Forgiveness



{liberatormagazine.com exclusive feature}

Mac Walton, you probably remember the name from the What Will It Take For Black Men To Heal? piece he penned a while back, just sent me this piece on Forgiveness this morning and suggested it may be a good topic for everyone to meditate on and discuss:

Forgiveness: Woman enough? Man enough?
In German, it’s called Vergebung, in Italian Perdono, in Latin Venia, and in Ebonics, it’s “Come to Jesus”. But are we, as Black men and Black women, ready to take that long, silent walk to the altar, kneel down and, in a praying position, ask Jesus or The Creator lying some place deep within our soul to help us to forgive?

We’re talking about pardoning folks for the pain, injury, sin and wrongdoing that’s been done to us in the guise of taming the savages, manifest destiny, expanding the West, defending “the southern way of life,” upholding “the purity of white womanhood,” otherwise known as increasing the power and profits of white folk.

And we’re talking about pardoning not just white folks but black folks as well. And this kind of pardoning can get real ghett-o.

“So you want me to forgive the man I loaned my last $200 bucks to keep his apartment only to find out he spent it all on crack-- and didn’t give me any? You crazy!”

"So let me get this straight. You want me to forgive the man who left me for his secretary {That ho!} and who hasn't paid child support in three years. Did he send you here to talk to me?"

“Wait a minute: are you telling me I should forgive this woman who left me to shack up with my only friend and the best man at my wedding? I’ll forgive her--after I kick her black ***!”

Ultimately, we’re asking ourselves, “Should I forgive this white man for capturing and herding us into ships like cattle, selling us on the auction block like pack animals, lynching our men, raping our women and still holding his foot on my neck to this day?”

We know that, ideally, forgiving is the right thing to do. But ideals are one thing and reality is another. Some of us see forgiving as “giving up” or “letting the white man off the hook” and not releasing ourselves emotionally from the effect of someone’s behavior. And some of us feel that we shouldn’t forgive anyone unless they apologize first, not recognizing that this stance is just another excuse to remain tied up in emotional knots of anger, depression, hatred and revenge.

Forgiving is difficult
Author Dale Carnegie (How to Win Friends and Influence People and Stop Worrying And Start Living) understood the difficulty of forgiving. “Any man can criticize, condemn and complain," he wrote, "But it takes character and self control to be understanding and forgiving.” But it was Dr. Martin Luther King Jr. (Where Do We Go From Here: Chaos or Community?) who seemed to understand just how much character it will take for African Americans to take even a single step on this journey, not to mention see it through.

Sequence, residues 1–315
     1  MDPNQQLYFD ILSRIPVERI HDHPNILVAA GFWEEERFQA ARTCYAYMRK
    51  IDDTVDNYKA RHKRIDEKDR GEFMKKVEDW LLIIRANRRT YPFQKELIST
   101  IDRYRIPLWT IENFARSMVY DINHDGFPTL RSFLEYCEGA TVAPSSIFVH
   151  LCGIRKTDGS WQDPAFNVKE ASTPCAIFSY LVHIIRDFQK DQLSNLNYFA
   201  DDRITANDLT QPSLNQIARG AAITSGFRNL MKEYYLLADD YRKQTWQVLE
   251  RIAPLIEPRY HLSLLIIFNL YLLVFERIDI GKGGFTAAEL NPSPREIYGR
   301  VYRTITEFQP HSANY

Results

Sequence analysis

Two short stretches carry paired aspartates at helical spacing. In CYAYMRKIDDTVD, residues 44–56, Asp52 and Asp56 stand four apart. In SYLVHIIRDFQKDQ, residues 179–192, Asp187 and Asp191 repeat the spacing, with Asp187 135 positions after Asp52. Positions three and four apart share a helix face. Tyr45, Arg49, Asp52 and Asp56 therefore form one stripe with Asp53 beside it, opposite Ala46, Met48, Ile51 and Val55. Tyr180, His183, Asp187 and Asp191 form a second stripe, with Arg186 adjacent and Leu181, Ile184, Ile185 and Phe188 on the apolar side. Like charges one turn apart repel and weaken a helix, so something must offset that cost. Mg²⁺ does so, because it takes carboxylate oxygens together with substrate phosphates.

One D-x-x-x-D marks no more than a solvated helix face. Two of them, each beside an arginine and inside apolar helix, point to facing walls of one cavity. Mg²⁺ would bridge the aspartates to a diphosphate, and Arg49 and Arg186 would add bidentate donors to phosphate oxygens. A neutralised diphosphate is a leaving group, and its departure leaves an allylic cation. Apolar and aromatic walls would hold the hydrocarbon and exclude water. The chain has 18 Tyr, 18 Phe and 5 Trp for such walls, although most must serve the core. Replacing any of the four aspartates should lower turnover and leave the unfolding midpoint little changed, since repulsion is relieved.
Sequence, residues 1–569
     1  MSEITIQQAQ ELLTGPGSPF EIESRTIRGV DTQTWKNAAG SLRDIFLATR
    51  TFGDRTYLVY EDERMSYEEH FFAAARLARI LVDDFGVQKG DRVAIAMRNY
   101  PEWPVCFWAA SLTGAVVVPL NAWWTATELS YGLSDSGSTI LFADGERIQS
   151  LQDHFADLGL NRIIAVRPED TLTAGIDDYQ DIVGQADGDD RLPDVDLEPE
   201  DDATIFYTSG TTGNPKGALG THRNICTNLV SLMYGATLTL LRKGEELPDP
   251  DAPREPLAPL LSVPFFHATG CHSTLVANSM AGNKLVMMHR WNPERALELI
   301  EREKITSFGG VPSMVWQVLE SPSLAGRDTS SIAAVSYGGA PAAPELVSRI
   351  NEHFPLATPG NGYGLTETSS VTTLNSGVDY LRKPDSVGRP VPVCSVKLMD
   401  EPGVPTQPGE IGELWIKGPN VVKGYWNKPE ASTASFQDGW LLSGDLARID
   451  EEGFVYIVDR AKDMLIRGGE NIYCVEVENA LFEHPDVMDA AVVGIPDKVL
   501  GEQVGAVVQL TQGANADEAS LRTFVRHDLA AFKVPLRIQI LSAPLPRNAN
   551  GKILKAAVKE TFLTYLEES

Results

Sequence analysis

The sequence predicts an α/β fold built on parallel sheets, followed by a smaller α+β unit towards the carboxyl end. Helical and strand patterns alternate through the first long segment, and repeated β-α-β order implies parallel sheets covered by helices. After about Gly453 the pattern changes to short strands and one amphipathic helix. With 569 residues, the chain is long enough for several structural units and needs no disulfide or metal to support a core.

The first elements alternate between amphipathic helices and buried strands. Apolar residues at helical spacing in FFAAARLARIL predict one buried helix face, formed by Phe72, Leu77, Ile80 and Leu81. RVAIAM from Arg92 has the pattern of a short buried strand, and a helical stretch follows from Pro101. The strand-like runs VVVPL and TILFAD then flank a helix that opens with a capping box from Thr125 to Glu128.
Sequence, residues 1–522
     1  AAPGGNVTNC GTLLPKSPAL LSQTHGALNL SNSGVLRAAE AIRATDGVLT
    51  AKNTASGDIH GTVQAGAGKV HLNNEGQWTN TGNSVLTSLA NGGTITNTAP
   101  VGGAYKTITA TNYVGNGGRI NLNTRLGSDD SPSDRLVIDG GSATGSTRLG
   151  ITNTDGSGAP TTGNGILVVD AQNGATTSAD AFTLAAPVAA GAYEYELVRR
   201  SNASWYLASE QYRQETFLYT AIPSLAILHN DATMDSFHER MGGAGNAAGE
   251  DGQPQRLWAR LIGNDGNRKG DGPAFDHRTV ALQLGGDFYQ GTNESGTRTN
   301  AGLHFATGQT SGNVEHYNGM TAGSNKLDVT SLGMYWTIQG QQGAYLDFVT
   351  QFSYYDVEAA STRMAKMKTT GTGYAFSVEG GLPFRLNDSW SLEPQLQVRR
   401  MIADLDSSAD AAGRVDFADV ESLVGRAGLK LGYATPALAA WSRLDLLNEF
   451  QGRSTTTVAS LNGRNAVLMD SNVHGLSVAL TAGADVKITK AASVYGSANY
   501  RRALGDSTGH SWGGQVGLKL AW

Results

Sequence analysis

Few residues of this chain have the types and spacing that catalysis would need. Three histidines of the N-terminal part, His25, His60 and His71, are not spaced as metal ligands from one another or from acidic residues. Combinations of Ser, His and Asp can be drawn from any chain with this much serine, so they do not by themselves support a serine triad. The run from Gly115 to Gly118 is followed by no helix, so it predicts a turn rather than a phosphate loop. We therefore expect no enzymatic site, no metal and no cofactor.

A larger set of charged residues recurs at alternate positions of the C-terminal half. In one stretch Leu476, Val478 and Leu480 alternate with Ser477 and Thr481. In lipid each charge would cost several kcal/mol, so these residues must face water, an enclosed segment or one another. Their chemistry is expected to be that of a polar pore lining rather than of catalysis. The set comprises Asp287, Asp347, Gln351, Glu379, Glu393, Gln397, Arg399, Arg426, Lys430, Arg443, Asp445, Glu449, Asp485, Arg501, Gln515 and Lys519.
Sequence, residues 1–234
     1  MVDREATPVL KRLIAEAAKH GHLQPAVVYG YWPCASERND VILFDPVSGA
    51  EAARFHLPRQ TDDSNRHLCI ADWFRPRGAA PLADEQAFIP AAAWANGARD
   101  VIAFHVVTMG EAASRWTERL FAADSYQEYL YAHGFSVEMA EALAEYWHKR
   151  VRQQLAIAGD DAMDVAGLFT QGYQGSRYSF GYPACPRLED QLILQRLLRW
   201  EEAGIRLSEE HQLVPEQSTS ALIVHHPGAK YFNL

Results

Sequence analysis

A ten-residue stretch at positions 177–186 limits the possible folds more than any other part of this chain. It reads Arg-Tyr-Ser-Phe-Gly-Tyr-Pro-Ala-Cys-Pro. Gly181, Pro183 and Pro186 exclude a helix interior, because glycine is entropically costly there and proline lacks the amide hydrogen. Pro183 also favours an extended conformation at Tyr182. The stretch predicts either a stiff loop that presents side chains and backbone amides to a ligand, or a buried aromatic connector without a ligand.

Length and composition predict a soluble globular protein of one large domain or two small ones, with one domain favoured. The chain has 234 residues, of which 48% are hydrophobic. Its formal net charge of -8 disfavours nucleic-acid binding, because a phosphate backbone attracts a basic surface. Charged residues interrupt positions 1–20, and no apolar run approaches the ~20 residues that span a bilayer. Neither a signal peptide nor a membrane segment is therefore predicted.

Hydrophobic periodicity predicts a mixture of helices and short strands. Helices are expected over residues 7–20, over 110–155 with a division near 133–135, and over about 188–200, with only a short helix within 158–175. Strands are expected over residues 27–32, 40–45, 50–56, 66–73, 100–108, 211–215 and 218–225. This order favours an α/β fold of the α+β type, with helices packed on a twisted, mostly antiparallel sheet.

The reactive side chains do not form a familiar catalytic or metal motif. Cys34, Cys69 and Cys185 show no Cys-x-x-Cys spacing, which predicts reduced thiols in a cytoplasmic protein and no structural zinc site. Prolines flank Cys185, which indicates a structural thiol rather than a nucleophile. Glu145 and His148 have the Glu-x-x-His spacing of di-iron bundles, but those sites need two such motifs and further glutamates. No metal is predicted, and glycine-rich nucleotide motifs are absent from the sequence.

“Change” he preached, “does not roll on the wheels of inevitability but comes through continuous struggle. And so we must straighten our backs and work for our freedom. A man cannot ride you unless your back is bent.” King understood that, while liberty is a condition of the environment, freedom is the domain of the mind, and that, to be truly free, we must free our minds and hearts from the heavy burdens of anger, guilt, hatred and revenge.

What is the hour of the night?
To transcend such feelings, we must ask, to paraphrase poet Queen Mother Audley Moore “What is the hour of the night?” and recognize that the Watchman’s midnight lantern lights brightly through the darkness. We must revisit our African history, studying not only great African empires but not-so-great, smaller yet important events marked by great moments of resilience, moments which included not only revolts but every-day acts of resistance.

This new reading will allow us to see not only painful events of the past but remarkable, heroic acts of both the past and the present, indeed, see how the present and past combine to define us a a people of courage, heroism and dignity. It will help us to understand why even the great abolitionist Frederick Douglas, a former slave himself, would marvel at our ability to persevere and declare “This struggle will be fought with words or blows or both, because the limit to tyranny is prescribed by the endurance of those whom they oppress.” In other words, the harder you hit us, the harder we keep coming back; and you just can’t keep a brotha and Sistah down for long.

These lessons from history will help us to see that, despite the hardships and brutality, we have traveled a long road to liberation with many rewarding mileposts along the way, becoming a stronger and more resilient people in the process. And, hey, if we can do it collectively, we can do it personally as well.

What it is
When we gain a greater appreciation of our struggle for liberation and begin to practice the art of forgiveness, a key will unlock the door to both our collective and personal salvation, all the emotional baggage of anger, depression and revenge will fall, like lint from our minds and hearts.

Dr. King may have said it best: “He who is devoid of the power to forgive is devoid of the power to love.”


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